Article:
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Cold lap

Cold lap is a condition where the weld filler metal does not properly fuse with the base metal or the previous weld pass material (interpass cold lap). The arc does not melt the base metal sufficiently and causes the slightly molten puddle to flow into the base material without bonding.

Porosity is the result of gas entrapment in the solidifying metal. Porosity can take many shapes on a radiograph but often appears as dark round or irregular spots or specks appearing singularly, in clusters, or in rows. Sometimes, porosity is elongated and may appear to have a tail. This is the result of gas attempting to escape while the metal is still in a liquid state and is called wormhole porosity. All porosity is a void in the material and it will have a higher radiographic density than the surrounding area.

Cluster porosity
Cluster porosity is caused when flux coated electrodes are contaminated with moisture. The moisture turns into a gas when heated and becomes trapped in the weld during the welding process. Cluster porosity appear just like regular porosity in the radiograph but the indications will be grouped close together.

Slag inclusions
Slag inclusions are nonmetallic solid material entrapped in weld metal or between weld and base metal. In a radiograph, dark, jagged asymmetrical shapes within the weld or along the weld joint areas are indicative of slag inclusions.

Incomplete penetration (IP) or lack of penetration (LOP)

Incomplete penetration (IP) or lack of penetration (LOP) occurs when the weld metal fails to penetrate the joint. It is one of the most objectionable weld discontinuities. Lack of penetration allows a natural stress riser from which a crack may propagate. The appearance on a radiograph is a dark area with well-defined, straight edges that follows the land or root face down the center of the weldment.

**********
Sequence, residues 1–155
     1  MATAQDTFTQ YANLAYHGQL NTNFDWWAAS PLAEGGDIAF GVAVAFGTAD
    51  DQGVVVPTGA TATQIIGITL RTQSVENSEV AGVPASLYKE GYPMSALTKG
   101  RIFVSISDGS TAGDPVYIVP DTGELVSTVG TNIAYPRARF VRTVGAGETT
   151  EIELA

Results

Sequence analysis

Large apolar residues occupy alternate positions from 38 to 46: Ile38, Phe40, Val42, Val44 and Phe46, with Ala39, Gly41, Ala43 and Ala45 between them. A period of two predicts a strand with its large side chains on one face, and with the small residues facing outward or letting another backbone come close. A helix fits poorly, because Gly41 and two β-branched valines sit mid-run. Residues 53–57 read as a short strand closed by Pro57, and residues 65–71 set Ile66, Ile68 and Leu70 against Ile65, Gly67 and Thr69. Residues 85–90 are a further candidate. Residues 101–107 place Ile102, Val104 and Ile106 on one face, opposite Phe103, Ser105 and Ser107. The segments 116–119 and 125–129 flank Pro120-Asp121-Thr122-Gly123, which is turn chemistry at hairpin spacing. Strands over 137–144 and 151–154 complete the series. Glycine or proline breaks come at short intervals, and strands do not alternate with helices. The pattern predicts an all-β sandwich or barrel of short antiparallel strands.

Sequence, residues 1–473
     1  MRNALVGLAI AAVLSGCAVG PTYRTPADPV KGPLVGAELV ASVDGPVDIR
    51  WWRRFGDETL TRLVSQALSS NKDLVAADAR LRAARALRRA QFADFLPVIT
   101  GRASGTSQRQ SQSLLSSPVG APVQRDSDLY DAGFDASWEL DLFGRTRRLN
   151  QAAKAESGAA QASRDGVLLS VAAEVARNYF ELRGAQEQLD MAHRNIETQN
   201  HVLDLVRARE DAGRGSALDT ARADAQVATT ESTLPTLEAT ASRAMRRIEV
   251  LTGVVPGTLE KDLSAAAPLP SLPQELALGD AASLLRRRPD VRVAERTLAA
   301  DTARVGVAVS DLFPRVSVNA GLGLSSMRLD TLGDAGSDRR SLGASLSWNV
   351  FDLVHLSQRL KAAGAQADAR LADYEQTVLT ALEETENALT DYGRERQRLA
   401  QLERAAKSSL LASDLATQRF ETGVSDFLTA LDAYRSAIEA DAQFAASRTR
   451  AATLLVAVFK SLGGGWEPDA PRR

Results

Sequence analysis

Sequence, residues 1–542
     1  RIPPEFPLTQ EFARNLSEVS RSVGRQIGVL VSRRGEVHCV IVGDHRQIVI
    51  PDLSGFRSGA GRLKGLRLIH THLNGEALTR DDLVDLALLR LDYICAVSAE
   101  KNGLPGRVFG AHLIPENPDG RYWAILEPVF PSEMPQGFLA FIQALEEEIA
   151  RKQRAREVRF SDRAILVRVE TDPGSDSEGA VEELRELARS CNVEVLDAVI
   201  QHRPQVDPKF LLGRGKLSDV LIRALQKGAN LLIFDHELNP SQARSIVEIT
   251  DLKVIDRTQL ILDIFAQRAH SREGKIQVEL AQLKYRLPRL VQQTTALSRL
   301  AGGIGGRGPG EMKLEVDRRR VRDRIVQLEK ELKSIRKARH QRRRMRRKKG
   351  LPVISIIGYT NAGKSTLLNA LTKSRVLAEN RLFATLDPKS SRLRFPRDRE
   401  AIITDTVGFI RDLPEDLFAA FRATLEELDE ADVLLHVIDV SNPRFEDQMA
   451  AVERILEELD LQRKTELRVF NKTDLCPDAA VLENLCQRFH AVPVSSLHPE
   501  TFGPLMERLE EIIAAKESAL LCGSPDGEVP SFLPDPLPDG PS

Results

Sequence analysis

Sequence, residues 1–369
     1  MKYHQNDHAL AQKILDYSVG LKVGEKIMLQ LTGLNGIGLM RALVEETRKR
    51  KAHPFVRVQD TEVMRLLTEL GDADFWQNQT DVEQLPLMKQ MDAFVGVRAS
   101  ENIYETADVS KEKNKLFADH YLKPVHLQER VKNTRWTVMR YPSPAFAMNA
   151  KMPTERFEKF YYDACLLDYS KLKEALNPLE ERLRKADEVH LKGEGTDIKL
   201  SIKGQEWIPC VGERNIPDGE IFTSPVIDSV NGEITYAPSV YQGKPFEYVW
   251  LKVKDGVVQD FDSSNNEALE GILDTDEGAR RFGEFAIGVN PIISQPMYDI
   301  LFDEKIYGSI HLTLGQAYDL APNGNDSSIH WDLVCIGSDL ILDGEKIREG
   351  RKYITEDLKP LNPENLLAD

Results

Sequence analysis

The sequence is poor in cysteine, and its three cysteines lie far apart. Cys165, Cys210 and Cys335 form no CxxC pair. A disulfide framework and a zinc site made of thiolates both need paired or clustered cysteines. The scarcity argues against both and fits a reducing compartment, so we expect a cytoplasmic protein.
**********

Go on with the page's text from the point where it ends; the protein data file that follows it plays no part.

Internal concavity or suck back is a condition where the weld metal has contracted as it cools and has been drawn up into the root of the weld. On a radiograph it looks similar to a lack of penetration but the line has irregular edges and it is often quite wide in the center of the weld image.

Internal or root undercut is an erosion of the base metal next to the root of the weld. In the radiographic image it appears as a dark irregular line offset from the centerline of the weldment. Undercutting is not as straight edged as LOP because it does not follow a ground edge.

External or crown undercut is an erosion of the base metal next to the crown of the weld. In the radiograph, it appears as a dark irregular line along the outside edge of the weld area.

Offset or mismatch are terms associated with a condition where two pieces being welded together are not properly aligned. The radiographic image shows a noticeable difference in density between the two pieces. The difference in density is caused by the difference in material thickness. The dark, straight line is caused by the failure of the weld metal to fuse with the land area.

Cracks can be detected in a radiograph only when they are propagating in a direction that produces a change in thickness that is parallel to the x-ray beam. Cracks will appear as jagged and often very faint irregular lines. Cracks can sometimes appear as "tails" on inclusions or porosity.

Tungsten inclusions. Tungsten is a brittle and inherently dense material used in the electrode in tungsten inert gas welding. If improper welding procedures are used, tungsten may be entrapped in the weld. Radiographically, tungsten is more dense than aluminum or steel, therefore it shows up as a lighter area with a distinct outline on the radiograph.

Oxide inclusions are usually visible on the surface of material being welded (especially aluminum). Oxide inclusions are less dense than the surrounding material and, therefore, appear as dark irregularly shaped discontinuities in the radiograph.